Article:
Turkey Path

Standing on a section of the stairs they built on the Turkey Path are the five members of the Pennsylvania Outdoor Corps. The steep slope of the trail is evident in this photo.

At 4 p.m. on Friday, Sept. 18, the Turkey Path was opened to the public for the first time since last Thanksgiving.

This popular out and back hiking trail is on a steep slope that descends 800 feet to the bottom of the gorge where Pine Creek flows and bikers, walkers, hikers and runners can be found on the rail trail.

The Turkey Path starts near the entrance to the overlook on the east rim of the Pennsylvania Grand Canyon at Leonard Harrison State Park, 10.7 miles from Wellsboro. This trail is described as combining “stunning views with several outstanding waterfalls.”

Closed each November due to ice buildup in the winter months, the Turkey Path normally would have opened this past April. That didn’t happen.

In January, it was discovered that a large, old growth white pine**had fallen. The white pine and its massive root ball took down three small hemlocks and caused major damage to wood structures on the Turkey Path. The falling trees undermined a platform walkway, completely destroyed the upper waterfall viewing platform, and the steps that connected the upper portion of the trail to its lower end.

Repair work was delayed by statewide COVID-19 guidelines, including a reduced workforce. The park office did not open until mid-May.

Platinum Tree Service LLC was awarded the contract to remove the trees. Only two tree services had submitted bids. The dangerous work was done in early July by partners Jason Webster and David Perrins, both of Wellsboro and Joe Wilson of Covington with assistance from Jeffery Fitzwater of Columbia Cross Roads.

After assessing two quotes for the development of a reopening plan and overall evaluation of the Turkey Path, park staff selected Peter S. Jensen and Associates LLC of Washington, Vermont. A consultant skilled in advanced trail rehabilitation, Jensen visited the area in mid-July to assess the damage. He then submitted a written proposal and design.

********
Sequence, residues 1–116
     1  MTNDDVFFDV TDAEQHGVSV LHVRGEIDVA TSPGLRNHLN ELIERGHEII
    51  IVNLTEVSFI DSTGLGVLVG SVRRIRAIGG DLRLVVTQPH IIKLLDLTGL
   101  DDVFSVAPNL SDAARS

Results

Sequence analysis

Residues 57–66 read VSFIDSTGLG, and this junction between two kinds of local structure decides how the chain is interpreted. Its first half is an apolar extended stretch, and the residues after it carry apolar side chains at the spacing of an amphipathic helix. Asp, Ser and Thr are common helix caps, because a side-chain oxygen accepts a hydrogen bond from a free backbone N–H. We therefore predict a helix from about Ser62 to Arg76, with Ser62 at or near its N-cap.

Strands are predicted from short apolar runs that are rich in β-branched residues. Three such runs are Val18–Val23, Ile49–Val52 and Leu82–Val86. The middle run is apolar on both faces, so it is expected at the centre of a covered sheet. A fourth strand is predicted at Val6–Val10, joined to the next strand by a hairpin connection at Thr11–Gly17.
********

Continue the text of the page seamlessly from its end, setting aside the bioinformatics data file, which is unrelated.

The five-member crew included: leader Andrew Haraschak, 29, Williamsport and members, Nate Lyons, 21, Forksville; Michael Sarno, 22, Towanda; Dylan Peters, 21, Mill Hall; and Hunter Gardner, 22, Montgomery.

Based in Williamsport, this crew worked four eight-hour days a week for five weeks, from Aug. 10 through Sept. 10 salvaging materials; demolishing the rest of the damaged platform, decking and stairs; and constructing a crib wall to retain the soils on the steep slope and to widen a section of trail for the new waterfall viewing platform they built. They also constructed a new base platform, a long set of steps, a new middle platform and upper steps to link to the crib wall and the viewing platform.

All of the work was done on a very steep slope and required excavation of tons of soil and rock at different locations. More than 200 feet of rebar was used and many six-foot long pins had to be driven into bedrock to secure the timber.

The Pennsylvania Outdoor Corps offers work experience, job training, and environmental educational opportunities to young people who complete recreation and conservation projects on Pennsylvania’s public lands. It is run by the Student Conservation Association and financially supported by DCNR and the Pennsylvania Department of Labor and Industry’s Reemployment Program, along with private contributions made through the Pennsylvania Parks and Forests Foundation.

Last week, park staff repaired railings, replaced posts and railings that were failing along the Turkey Path, installed a new crib retaining wall to help secure the trail for upcoming winters and bench cut a new section of trail into the hillside around a wet area. This work would normally have been done in April but was delayed due to COVID-19.

For more information about the Turkey Path, call the Leonard Harrison park office at 570-724-3061.